Android is far from stolen. The exact interface described in the patent first showed up on the Creative Nomad, the Palmpilot and even Windows Mobile. The patent office should be ashamed of itself for issuing this.
    Now if Apple had patented this when they released the Newton, this would be a different story.
    Software patents suck and need to be abolished.



    Uhm, have you actually read the patent or just base your knee-jerk opinion on the pretty pictures in the article?

    Which elements described in this patent appeared in Nomad, USRobotics Pilot or WinMobile? I still own the Creative Nomad (upgraded with a 20G drive), and developed for both Pilot and Win Mobile. And I have NOT seen any elements described in the patent in any of those devices / platforms.

    Care to enlighten me?

  1. aviamquepasa

    Fresh-Faced Recruit

    Joined: 10-22-11

    This is like someone patented dance moves. We would have to tell our children not to dance, ja, ja... incredibly stupid. Or that a writer patented a sentence. Wait, then before writing something we would have to look in a list of prohibited sentences, ja, ja.
    Some software patents are just natural improvements in user interface, they do not come from years and years of research spending. Software patents should disappear, but it seems a lot of people is interested in having them, to maintain their status and avoid small companies to compete.

  1. Spheric Harlot

    Clinically Insane

    Joined: 11-07-99

    Originally Posted by aviamquepasaView Post

    This is like someone patented dance moves. We would have to tell our children not to dance, ja, ja... incredibly stupid. Or that a writer patented a sentence. Wait, then before writing something we would have to look in a list of prohibited sentences, ja, ja.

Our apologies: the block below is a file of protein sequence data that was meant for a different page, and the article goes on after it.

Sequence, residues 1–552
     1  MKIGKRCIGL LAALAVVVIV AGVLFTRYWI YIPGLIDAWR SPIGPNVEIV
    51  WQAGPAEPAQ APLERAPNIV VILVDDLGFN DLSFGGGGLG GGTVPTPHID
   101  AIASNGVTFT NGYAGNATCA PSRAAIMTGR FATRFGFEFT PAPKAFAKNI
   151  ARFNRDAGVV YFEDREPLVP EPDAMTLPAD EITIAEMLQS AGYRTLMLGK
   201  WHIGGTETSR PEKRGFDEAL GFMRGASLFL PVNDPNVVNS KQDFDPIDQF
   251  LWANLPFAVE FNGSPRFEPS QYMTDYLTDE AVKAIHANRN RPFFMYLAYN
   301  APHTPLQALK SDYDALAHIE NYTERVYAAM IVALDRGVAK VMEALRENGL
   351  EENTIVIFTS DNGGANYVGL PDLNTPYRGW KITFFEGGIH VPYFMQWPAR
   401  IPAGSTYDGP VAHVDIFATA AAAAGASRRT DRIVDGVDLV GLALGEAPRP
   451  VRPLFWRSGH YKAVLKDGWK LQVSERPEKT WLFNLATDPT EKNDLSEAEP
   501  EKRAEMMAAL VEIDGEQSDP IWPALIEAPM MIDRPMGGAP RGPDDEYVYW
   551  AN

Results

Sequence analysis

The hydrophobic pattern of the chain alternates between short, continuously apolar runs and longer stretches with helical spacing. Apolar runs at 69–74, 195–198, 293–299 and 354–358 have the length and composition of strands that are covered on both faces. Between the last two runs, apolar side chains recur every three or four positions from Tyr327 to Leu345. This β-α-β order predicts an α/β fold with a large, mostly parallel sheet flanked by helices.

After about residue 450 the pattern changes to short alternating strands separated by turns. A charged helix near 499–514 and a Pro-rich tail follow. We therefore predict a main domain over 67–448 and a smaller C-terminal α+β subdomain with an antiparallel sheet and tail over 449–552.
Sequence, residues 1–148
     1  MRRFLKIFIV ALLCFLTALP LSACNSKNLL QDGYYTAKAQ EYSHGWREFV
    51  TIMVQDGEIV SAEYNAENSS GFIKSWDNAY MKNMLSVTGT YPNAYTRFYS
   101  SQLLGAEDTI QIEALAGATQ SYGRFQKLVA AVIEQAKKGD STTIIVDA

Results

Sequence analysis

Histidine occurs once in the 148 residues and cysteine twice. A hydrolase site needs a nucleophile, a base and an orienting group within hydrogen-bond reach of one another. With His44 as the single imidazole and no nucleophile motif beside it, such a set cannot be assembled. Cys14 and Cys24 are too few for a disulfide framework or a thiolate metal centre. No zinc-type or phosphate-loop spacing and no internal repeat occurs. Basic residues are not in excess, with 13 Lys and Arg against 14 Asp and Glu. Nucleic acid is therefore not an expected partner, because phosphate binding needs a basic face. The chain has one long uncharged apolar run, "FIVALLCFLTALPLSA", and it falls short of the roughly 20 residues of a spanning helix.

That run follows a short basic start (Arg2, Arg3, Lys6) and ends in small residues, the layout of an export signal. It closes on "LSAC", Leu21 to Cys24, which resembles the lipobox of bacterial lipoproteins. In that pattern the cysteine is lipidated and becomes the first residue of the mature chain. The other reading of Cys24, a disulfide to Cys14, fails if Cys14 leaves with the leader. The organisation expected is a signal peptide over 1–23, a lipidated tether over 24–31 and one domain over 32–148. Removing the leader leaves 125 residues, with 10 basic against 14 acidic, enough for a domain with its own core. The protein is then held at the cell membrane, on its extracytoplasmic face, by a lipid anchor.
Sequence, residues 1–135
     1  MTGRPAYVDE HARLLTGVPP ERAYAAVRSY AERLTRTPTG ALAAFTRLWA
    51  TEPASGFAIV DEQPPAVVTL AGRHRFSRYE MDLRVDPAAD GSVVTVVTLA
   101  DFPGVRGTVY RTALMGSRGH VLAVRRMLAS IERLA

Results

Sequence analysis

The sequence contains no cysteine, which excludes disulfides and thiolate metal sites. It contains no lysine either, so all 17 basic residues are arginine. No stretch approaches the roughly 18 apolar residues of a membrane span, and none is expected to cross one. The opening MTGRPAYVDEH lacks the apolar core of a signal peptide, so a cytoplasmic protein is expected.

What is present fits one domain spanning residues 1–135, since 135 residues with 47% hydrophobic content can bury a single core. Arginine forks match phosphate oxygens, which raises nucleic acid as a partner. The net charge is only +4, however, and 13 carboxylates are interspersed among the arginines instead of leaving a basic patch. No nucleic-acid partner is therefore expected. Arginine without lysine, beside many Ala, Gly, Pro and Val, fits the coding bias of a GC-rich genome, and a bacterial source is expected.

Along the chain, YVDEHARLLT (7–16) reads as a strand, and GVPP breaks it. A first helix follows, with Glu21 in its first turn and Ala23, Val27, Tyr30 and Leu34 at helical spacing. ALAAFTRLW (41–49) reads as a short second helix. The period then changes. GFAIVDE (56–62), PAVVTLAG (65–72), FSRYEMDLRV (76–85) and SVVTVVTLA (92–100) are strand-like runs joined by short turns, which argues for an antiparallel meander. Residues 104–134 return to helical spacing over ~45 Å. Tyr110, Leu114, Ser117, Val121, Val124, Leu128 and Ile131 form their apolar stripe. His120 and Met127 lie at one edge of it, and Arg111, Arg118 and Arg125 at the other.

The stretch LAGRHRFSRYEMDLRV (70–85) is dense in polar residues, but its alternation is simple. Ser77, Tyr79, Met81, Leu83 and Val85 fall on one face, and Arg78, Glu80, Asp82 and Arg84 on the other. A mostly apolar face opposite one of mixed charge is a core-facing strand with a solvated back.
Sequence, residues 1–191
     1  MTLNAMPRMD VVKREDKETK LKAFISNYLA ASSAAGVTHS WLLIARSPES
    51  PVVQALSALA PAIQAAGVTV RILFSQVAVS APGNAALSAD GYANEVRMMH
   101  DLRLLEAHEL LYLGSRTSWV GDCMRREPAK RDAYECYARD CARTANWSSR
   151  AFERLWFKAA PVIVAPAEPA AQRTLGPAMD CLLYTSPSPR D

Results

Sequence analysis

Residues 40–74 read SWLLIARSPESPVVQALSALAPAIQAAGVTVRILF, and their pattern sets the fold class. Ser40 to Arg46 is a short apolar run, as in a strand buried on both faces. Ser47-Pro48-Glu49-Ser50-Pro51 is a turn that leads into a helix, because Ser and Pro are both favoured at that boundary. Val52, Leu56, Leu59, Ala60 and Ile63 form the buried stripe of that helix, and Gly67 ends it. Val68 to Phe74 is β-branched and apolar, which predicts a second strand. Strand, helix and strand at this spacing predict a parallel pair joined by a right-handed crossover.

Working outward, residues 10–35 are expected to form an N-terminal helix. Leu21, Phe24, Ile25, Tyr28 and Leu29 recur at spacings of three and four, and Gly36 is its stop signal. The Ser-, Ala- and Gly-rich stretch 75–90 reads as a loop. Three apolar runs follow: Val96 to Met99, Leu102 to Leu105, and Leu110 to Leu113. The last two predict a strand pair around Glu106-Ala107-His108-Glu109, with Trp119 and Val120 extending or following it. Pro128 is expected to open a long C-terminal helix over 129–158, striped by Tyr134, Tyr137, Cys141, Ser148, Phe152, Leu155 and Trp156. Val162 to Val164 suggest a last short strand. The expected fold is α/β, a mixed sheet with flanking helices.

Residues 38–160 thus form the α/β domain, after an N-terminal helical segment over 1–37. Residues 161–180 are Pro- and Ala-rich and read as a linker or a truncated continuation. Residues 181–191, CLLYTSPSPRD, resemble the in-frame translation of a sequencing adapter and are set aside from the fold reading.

[...]
    Some software patents are just natural improvements in user interface, they do not come from years and years of research spending.



    You know what's so weird?

    SO MUCH of what Apple does seems exactly this way—completely organic, totally natural development. Like it just needed to be discovered.

    Why doesn't anybody else implement it then? Even when there's a working concept demo, nobody ever actually builds a functional, salable product. Until Apple does.

    Why, if it's so natural?

    Why is it that EVERY SINGLE NON-APPLE TRACKPAD SUCKS COMPLETE ASS, and Apple's feel like it's totally obvious that this is how they should be done?

    It's because Apple have invested millions of dollars and years of research, development and honing into hundreds of prototypes, throwing away 95% of the work, and making the ONE product you actually see seem like it's completely natural and obvious.

    BTW, since you don't seem to have a clue: dance moves, and music, work the same way.

    This guy spent decades working his ass off before this seemed natural:
    http://www.youtube.com/watch?v=LXO-jKksQkM

  1. pastusza

    Mac Enthusiast

    Joined: 11-01-99

    Well, if you look at Figure 14a, the whole sliding list thing was one by the Nomad. I'd have to read through the whole patent to nitpick the rest. Yes, Apple has done a lot of refinement to UIs and the iPhone is really quite polished. But I don't feel like there's something there that has never been done before.

    I am really quite sick of people calling the iPhone revolutionary. It's a great device, but it's evolutionary. The Newton was revolutionary. When it came out, nothing like it existed ever before. It paved the way for everything from the Palmpilot all the way to the iPhone/iPad. Heck, they made Newton phones.